Annebeth Wijtenburg, Communications Manager of WTTC confirmed this policy of non inclusiveness. She told eTN: “We are currently looking at adopting a position on LGTB. As part of our Freedom to Travel strategy we encourage travel facilitation for all travelers, however we have not spoken out about LGTB specifically and therefore would be unable to provide you with a comment.”

Thomas Roth, President of Community Marketing and Insights, a San Francisco based LGBT research company listened to the speech. He told eTN: “Very nice generic speech. A few mentions of LGBT but nothing of specific WTTC action.”

WTTC just concluded their annual summit in Dallas, Texas, United States. WTTC did in details discussed in Texas women equality, however LGBT equality in tourism was not on the agenda.

Perhaps one only needs to follow the money to understand why.
WTTC welcomed at their summit in Dallas WTTC members including the leader of the Supreme Commission of Tourism from Saudi Arabia. A main sponsor was WTTC member Etihad Airways, the National Carrier of the United Arab Emirates. Ministers of tourism from many African countries attended the Dallas summit.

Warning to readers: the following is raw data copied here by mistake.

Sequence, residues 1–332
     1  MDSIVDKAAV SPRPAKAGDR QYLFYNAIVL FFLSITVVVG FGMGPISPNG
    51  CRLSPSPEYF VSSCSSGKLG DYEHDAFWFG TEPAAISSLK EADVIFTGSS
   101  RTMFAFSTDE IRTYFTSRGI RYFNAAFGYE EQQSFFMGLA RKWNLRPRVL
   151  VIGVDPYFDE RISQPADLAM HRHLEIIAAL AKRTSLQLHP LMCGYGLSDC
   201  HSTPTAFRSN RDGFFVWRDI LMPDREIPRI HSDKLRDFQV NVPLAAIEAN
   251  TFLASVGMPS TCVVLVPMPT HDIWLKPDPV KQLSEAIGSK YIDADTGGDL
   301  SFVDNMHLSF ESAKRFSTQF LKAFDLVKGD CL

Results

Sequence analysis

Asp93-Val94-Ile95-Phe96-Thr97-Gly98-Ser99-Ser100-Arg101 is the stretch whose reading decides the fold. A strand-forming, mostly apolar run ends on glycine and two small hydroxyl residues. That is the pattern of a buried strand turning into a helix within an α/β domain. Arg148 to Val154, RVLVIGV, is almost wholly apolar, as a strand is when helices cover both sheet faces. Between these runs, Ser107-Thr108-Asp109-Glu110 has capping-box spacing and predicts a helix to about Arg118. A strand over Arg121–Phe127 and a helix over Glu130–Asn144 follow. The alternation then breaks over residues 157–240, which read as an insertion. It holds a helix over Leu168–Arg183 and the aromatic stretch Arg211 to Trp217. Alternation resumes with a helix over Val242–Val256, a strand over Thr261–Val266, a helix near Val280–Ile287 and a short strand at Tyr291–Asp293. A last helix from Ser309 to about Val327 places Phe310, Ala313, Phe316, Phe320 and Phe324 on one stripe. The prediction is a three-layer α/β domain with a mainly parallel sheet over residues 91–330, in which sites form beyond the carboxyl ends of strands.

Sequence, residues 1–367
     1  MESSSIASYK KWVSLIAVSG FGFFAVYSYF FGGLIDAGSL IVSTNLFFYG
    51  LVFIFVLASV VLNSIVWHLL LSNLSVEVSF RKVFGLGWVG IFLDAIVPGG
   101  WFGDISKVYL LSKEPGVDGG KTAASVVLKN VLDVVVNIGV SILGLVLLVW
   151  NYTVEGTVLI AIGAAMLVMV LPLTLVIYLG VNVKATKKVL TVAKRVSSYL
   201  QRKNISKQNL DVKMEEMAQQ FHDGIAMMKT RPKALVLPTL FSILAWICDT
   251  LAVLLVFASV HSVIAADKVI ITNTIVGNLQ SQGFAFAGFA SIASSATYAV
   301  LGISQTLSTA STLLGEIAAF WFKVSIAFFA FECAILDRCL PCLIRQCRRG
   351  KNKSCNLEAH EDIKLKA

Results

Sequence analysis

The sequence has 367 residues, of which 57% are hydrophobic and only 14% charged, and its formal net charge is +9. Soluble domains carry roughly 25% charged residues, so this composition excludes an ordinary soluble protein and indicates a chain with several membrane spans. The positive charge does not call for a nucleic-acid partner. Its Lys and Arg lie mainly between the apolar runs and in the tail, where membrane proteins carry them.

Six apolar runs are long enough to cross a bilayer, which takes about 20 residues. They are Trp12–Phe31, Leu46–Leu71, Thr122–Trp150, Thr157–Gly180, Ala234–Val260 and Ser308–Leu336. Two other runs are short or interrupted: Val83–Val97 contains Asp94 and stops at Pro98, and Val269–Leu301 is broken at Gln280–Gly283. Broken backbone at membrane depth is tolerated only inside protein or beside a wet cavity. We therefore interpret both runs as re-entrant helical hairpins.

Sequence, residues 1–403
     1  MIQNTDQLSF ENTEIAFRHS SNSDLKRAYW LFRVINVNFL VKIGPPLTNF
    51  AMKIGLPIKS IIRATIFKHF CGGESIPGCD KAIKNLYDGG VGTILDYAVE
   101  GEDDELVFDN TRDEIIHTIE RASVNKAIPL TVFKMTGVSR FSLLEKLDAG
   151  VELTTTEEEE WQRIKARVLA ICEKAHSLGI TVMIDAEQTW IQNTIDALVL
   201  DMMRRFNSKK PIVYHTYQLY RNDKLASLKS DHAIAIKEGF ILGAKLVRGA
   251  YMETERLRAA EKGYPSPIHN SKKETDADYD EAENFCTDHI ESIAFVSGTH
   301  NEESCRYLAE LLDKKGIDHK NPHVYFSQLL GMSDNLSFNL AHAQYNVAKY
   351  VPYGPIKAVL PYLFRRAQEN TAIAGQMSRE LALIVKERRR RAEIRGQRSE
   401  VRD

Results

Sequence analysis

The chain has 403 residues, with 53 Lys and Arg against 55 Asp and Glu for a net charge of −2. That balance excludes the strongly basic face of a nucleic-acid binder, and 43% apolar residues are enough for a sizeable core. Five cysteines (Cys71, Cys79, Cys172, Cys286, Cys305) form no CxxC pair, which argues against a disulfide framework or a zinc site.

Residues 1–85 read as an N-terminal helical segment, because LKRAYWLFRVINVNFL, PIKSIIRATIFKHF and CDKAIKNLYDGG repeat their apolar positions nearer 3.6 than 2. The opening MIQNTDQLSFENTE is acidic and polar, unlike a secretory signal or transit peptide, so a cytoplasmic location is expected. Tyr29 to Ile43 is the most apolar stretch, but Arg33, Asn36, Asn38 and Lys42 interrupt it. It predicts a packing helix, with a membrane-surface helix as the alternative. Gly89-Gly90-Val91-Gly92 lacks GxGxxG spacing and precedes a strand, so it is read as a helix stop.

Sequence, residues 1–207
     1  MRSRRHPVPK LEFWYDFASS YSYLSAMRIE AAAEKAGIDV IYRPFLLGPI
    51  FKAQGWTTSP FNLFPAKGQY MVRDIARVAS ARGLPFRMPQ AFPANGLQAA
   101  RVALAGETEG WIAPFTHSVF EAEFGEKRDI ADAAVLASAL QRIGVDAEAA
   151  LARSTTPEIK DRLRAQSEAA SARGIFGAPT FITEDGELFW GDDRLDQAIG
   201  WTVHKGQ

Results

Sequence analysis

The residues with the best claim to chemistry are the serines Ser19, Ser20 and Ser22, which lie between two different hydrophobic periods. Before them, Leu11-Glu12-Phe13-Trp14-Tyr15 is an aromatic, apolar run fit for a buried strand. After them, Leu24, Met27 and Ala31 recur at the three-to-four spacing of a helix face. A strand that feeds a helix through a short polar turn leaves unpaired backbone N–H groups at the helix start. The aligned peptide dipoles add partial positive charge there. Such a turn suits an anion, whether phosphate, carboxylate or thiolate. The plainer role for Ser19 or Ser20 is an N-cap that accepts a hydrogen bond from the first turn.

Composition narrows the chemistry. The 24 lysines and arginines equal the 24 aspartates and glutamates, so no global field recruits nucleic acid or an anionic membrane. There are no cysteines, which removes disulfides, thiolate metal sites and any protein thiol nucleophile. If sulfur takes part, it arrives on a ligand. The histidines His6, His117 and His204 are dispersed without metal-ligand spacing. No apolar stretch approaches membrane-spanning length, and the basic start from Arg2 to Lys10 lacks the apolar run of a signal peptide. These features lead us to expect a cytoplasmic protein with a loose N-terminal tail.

At the same time CEO Bill Marriott whose company is known to go the extra mile and includes LGBT travelers everywhere was a sponsor and speaker at the WTTC summit.

It appears the WTTC leadership is sitting in between a rock and a hard place when it comes to LGBT.

It may be a long way before world bodies responsible for tourism (UNWTO, WTTC) can signal equality and acceptance of the gay, lesbian, bisexual and transgender traveler.

This is a transcript of the speech delivered this morning by the WTTC CEO

Good morning everyone, thanks once again for giving me the honor of addressing the IGLTA.

People often ask me how WTTC can help the LGBT sector. And in this regard, your issues are the same as our issues – principally the ability to travel freely and to enjoy the holiday of your choice, whenever you like and with whoever you choose. We call this Freedom to Travel.

It was only last week that we held our big annual event, the WTTC Global Summit in Dallas, Texas. You were ably represented by Richard Gray, appointed yesterday as your Vice Chairman.